It is doubtful that you would be diagnosed with APS without the requisite positive test results:
Based on the International APS Classification Criteria a clinical event (blood clot or pregnancy complications) and one of the following blood tests are required for the APS diagnosis (patients should undergo at least two blood tests, which should be spaced three months apart to show persistent levels of aPL). Commonly used tests include:
Lupus anticoagulant (LA) test
Anticardiolipin antibody (aCL) test
Anti-Beta-2 glycoprotein-I (aB2GPI) test. www.apsaction.org/about.html
A false-positive syphilis tes CAN be a marker for APS, but not necessarily:
False-Positive Test for Syphilis
In the 1940s, when it was common for people to have premarital exams, doctors realized that some women with lupus tested positive for syphilis. Further studies indicated that 1 in 5 people with lupus had a false-positive syphilis test. The syphilis test of those days—the Wasserman test—was dependant on an antibody found in syphilis patients called reagin. The substance to which this antibody reacts is cardiolipin, so the individuals with a false-positive syphilis test actually had a form of anticardiolipin antibodies. The false-positive syphilis test was the first recognized test for antiphospholipid antibodies, but it is now known that people can have antiphospholipid antibodies without having a false-positive syphilis test and vice versa. www.hopkinslupus.org/lupus-tests/antiphospholipid-antibodies/
Diagnosed in 1998, currently in remission. Diagnosed with Lupus in 2006.
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I know someone who had Lupus and ITP, and also had repeated blood clots. All APS tests were negative for years. Finally one day, she tested positive for the LA. It is entirely possible that there is a clotting antibody which has not yet been discovered. There was no other way to explain her severe clots with low platelets, although she'd had a splenectomy which can raise the clotting risk.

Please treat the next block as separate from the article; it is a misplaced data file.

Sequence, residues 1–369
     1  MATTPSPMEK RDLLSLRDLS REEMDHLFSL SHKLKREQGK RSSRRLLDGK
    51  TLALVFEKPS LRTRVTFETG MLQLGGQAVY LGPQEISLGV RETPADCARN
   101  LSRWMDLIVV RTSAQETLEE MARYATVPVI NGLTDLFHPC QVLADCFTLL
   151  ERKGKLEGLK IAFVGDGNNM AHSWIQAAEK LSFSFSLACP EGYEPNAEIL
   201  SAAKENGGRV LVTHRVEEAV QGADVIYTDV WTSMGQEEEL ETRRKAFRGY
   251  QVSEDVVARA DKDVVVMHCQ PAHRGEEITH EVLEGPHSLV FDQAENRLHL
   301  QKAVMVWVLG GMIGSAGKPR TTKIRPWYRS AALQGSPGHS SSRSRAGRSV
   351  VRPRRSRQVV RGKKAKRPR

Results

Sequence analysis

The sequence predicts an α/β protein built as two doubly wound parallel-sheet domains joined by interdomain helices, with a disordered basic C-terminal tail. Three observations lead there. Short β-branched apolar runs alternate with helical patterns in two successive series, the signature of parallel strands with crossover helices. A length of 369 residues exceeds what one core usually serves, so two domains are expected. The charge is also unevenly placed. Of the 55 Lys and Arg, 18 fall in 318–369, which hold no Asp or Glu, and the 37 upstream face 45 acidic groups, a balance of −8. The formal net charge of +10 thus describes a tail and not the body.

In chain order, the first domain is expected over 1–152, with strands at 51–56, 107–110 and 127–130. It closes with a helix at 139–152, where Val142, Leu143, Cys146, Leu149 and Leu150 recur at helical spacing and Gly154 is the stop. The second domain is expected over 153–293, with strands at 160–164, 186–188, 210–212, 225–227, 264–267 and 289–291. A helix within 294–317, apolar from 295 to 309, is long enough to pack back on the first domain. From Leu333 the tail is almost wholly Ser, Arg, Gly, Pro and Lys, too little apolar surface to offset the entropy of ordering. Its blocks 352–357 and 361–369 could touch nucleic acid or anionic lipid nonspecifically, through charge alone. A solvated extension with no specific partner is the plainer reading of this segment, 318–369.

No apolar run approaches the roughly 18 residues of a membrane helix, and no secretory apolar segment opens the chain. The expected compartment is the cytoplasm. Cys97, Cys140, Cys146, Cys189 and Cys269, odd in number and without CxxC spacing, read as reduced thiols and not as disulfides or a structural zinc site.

Oh yes, the false-positive syphilis can definitely be a marker for APS. I had a false positive VDRL in 1981 and ended up with APS Antibodies in 2006 (was not tested before that). No coincidence there. My VDRL in 2006 was flagged as extremely high, so I still have those antibodies.
Here's an update to 2023: "The 2023 ACR/EULAR APS classification criteria include an entry criterion of at least one positive antiphospholipid antibody (aPL) test within 3 years of identification of an aPL-associated clinical criterion, followed by additive weighted criteria (score range 1-7 points each) clustered into 6 clinical domains (macrovascular venous thromboembolism, macrovascular arterial thrombosis, microvascular, obstetric, cardiac valve, and hematologic) and 2 laboratory domains (lupus anticoagulant functional coagulation assays, and solid-phase enzyme-linked immunosorbent assays for IgG/IgM anticardiolipin and/or IgG/IgM anti-β2 -glycoprotein I antibodies). Patients accumulating at least 3 points each from the clinical and laboratory domains are classified as having APS." pubmed.ncbi.nlm.nih.gov/37635643/
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